This failure to recognize the apparent violation can in part be explained by the fact that for a long time, German industry – well beyond the automobile industry – didn’t take competition law particularly seriously. Violations were seen as trivial offenses. It has thus come as a surprise to many companies that, in recent years, the Federal Cartel Office became more assertive in its approach.
Among those who have felt the heat of this tougher new approach are steel industry representatives, who have been the focus of several proceedings. The developments have prompted ThyssenKrupp head Heinrich Hiesinger to order an internal investigation to determine if there have been other violations of competition law. The company is currently looking at all aspects, including the meetings and pricing agreements within the steel industry associations.
Some steps have already been taken. One change was the move by industry association VW Stahl at the end of 2015 to eliminate the scrap price index that carmakers had used until then as the basis for price negotiations. But carmakers didn’t have any intention of simply abandoning the coordination and shifting to normal price negotiations with steelmakers. They instead began looking for a new solution. On Jan. 26, 2016, the responsible BMW executive sent an email to his colleague at VW saying that the companies needed to quickly switch to an “appropriate replacement index.” A mail from a Daimler employee to a steelmaker in January 2016 noted that “defining a new foundation, was necessary for the calculation of the scrap surcharge.”
In the mid-2016 search warrant, the Federal Cartel Office stated that there was suspicion that a “harmonized approach was being practiced and is being practiced today between companies within both the automobile and steel industries.”
One could be forgiven for wondering what is so bad about carmakers joining forces to set a portion of the steel price in accordance with certain indices. Who does that hurt?
For one, it harms car buyers. If a vehicle manufacturer were able to purchase steel more cheaply than its competitors, that might allow it to sell a model for a lower price than its rivals. It may also be damaging to shareholders, given that lower steel prices can lead to higher profits. Even if it is difficult to calculate such potential consequences after the fact, it is clear that a violation occurred here against the fundamental principle of the free market economy – that manufacturers should be competing against each other in all areas.
As such, it’s not particularly helpful for the automobile industry to complain internally that they were also running up against a cartel on the other side, with steelmakers having threatened to stop delivery in the event price adjustments were not made. The carmakers themselves should have reported such activity to the competition authorities rather than turning to dubious countermeasures. Nonetheless, this factor could have a mitigating effect on any possible future fines imposed if the companies are found guilty.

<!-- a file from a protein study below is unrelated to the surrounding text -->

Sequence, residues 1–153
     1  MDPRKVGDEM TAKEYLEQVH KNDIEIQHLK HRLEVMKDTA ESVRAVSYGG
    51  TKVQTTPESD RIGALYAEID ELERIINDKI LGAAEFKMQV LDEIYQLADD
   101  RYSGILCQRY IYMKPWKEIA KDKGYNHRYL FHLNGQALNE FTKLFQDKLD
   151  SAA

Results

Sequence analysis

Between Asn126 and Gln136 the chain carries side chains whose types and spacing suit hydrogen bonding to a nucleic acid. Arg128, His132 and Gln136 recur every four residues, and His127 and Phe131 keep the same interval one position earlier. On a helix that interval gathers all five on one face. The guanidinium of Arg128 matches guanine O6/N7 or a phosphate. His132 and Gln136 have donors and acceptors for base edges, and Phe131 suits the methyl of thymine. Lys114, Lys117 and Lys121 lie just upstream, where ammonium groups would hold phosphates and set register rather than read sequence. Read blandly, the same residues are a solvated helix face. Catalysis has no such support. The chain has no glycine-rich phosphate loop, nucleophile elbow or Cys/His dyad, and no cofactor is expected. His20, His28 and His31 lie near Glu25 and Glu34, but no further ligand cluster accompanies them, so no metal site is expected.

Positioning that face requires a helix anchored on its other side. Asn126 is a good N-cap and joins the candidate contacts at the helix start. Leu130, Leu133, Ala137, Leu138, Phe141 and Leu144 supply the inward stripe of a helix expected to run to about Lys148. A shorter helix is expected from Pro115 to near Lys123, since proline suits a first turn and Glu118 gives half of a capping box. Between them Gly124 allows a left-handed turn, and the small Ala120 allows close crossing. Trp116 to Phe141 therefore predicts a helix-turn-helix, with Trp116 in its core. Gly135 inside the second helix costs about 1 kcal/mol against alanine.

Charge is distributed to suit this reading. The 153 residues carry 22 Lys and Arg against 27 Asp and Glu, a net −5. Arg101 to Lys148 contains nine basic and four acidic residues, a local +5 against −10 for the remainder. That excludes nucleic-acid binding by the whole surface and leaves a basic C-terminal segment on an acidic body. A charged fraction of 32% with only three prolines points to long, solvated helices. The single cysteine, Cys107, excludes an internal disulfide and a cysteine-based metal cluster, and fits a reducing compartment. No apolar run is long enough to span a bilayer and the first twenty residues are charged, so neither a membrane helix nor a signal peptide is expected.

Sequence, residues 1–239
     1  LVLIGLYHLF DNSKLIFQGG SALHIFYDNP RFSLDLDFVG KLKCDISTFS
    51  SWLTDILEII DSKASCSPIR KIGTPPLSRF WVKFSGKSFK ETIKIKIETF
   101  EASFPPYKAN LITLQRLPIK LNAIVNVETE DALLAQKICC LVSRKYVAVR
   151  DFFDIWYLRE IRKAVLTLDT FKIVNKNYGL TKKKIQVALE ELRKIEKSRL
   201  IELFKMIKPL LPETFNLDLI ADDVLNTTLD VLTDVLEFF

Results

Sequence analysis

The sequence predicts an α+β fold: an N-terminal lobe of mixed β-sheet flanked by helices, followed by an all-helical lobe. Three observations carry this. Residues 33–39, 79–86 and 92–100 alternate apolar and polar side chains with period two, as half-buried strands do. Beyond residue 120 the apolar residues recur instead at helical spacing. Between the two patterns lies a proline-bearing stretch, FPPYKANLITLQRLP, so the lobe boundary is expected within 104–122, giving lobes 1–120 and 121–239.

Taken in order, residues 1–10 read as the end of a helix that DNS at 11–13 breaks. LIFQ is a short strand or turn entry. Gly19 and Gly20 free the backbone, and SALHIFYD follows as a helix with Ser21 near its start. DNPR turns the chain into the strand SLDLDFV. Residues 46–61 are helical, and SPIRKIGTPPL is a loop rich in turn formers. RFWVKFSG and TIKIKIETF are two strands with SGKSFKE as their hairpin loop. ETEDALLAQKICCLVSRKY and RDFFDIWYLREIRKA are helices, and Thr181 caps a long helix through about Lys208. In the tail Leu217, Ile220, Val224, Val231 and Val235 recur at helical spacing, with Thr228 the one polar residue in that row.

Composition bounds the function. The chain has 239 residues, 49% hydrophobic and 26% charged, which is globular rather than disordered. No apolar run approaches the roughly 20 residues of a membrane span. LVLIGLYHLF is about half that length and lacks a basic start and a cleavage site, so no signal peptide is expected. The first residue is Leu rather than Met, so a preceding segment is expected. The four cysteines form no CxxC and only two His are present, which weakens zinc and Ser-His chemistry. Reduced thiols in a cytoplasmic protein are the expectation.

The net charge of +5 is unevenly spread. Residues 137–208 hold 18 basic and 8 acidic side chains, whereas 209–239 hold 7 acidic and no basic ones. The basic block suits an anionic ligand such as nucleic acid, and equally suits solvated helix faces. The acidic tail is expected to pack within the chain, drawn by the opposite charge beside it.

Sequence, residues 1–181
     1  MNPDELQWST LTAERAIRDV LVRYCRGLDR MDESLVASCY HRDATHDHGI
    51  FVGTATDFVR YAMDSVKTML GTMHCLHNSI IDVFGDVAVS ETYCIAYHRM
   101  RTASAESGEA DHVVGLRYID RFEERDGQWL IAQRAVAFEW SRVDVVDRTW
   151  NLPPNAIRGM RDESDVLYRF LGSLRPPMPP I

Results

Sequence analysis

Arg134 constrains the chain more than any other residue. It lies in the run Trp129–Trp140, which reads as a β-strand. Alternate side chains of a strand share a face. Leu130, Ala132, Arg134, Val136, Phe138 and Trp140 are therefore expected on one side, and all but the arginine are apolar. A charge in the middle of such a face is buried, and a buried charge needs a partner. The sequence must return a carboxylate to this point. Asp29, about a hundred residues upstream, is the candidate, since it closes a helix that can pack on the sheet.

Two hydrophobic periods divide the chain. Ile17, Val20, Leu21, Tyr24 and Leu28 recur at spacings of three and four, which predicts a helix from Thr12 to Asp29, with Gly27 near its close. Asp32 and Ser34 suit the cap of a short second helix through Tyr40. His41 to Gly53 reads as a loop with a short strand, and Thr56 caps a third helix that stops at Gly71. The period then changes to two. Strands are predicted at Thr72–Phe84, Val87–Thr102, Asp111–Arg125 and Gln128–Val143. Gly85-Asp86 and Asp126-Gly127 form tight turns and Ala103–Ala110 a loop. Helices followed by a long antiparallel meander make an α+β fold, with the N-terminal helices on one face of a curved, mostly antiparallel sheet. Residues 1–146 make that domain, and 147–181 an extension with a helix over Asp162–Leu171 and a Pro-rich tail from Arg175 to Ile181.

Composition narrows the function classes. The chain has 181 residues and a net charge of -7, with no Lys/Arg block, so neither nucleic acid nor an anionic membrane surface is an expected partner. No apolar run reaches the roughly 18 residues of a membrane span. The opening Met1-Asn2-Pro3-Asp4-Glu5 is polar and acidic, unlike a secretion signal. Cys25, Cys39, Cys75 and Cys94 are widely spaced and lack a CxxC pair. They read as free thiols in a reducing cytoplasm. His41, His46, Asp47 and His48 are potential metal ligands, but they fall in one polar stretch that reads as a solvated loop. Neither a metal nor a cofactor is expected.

Cartel law experts like Thomas Funke, an attorney with the law firm Osborne Clarke, have so far had difficulty determining how high the fines could be if companies are found in violation of the rules. Nevertheless, it is true, he says, that “competition is clearly distorted when competitors agree to a unified reference point for their purchasing prices.” Funke says the fact that the agreements were made in the context of association meetings does nothing to change the possible competition law infringements. On the contrary: Associations that offer a forum like that should also assume they could be facing a fine.
The working Group of the Iron- and Metal-Processing Industry, where most of the meetings took place, would not comment on the proceedings. The powerful VDA and its president, Matthias Wissmann, also did not provide comment.
A Glimpse Inside a Long-Hidden World
The upshot is that Daimler, VW and BMW are now all under investigation by both the cartel authorities at the European Commission in Brussels and the Federal Cartel Office in Bonn. Both proceedings provide a rare glimpse inside the long-hidden world of automobile manufacturers. On the stage at major car shows and in countless interviews, car company CEOs have spent years painting the image of an industry with fierce competition for the lowest costs, new technologies and good returns. “It feels like the competition is getting tougher month by month,” VW boss Matthias Müller said in a 2016 interview with the German daily Die Welt. “Competition is an incredibly good thing,” Daimler CEO Dieter Zetsche has said. And for his part, BMW head Harald Krüger claims: “There’s nothing to replace competition except competition.”
Behind the scenes, though, at the meetings of the Group of Five and the get-togethers of the steelmakers, Germany companies enjoyed doing things together. Some of this cooperation is legal and also in the consumers’ interest – when, for example, automakers agree to a joint top speed on all of their models of 250 kilometers per hour.
In other cases, however, it is at best dubious and probably also illegal – like when companies exchange information about things like emissions controls, diesel exhaust fluid used to reduce nitrogen oxide emissions (which are marketed under the label AdBlue in Germany) or engine control systems and then agree to joint strategies. And all the more so when they agree on the procurement price for the very material that makes an automobile possible in the first place: steel.
The investigation has already achieved one thing. The former partners now distrust each other and have largely ended the work of the Group of Five.